The text from Sister Diane at St. Ignatius Martyr church was as odd as it was urgent: “A man is going to call. You must answer the phone.”
Kerry Ann Troy had just finished her daily “cry time” – that half-hour between dropping the kids off at school and driving back to her gutted house on New York’s Long Island, or to the hurricane relief center, or to wherever she was headed in those desperate days after Sandy, when life seemed an endless blur of hopelessness and worry.
Cell phone reception was sporadic, so even if the stranger called, she would likely miss him. Besides, she had so many other things on her mind.
After spending the first week with relatives in Connecticut, Troy, a part-time events planner for the city, and her husband, Chris, a firefighter, had managed to find a hotel room for a week in Garden City. The couple had no idea where they and their three children – Ryan, 13, Connor, 12, and Katie, 4 – would go next. Hotels were full. Rentals were gone. Their modest raised ranch, a few blocks from the beach, was unlivable.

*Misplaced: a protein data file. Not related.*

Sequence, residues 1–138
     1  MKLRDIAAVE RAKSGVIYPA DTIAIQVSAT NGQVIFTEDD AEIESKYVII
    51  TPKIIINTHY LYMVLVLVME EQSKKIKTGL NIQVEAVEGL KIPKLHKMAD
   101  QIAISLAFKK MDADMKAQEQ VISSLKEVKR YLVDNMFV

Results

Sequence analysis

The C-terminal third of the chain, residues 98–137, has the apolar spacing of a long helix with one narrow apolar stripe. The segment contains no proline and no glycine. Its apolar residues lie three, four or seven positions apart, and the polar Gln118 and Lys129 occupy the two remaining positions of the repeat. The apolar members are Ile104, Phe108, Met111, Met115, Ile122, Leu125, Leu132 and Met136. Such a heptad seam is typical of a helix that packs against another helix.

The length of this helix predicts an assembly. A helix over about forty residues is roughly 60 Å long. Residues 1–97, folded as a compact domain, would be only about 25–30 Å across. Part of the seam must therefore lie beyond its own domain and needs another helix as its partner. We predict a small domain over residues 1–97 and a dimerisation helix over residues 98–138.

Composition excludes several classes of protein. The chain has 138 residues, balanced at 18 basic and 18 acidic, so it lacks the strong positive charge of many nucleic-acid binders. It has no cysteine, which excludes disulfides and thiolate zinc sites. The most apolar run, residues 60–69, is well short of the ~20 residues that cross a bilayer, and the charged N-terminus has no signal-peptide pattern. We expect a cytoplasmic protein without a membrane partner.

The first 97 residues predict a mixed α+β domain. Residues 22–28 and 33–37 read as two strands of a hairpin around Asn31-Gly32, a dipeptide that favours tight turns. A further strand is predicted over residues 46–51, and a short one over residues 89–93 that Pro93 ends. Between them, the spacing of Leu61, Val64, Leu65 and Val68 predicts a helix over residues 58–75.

But the Troys faced another dilemma.
The family had been looking forward to a weeklong, post-Thanksgiving trip to Disney World, paid for by the Make-A-Wish-Foundation to benefit Connor, who suffers from a life-threatening, neuromuscular disease. He had lost one wheelchair to the storm. His oxygen equipment and other medical supplies were damaged by water. He was disoriented and confused.
How could they tell their sick child that the storm that had disrupted his life might also cost him his dream – to meet Kermit the Frog?
Yet Chris Troy felt he couldn’t leave. And Kerry Ann said she wouldn’t go without him.
And then – in the space of a few hours – everything changed.
A school administrator pulled Kerry Ann aside when she went to pick up Katie. She told her of a vacant summer home – a spacious, fully furnished, three-bedroom house in nearby Point Lookout, which the owners wished to donate to a displaced family. The Troys could live there indefinitely, at no cost, while they sorted out their lives. …
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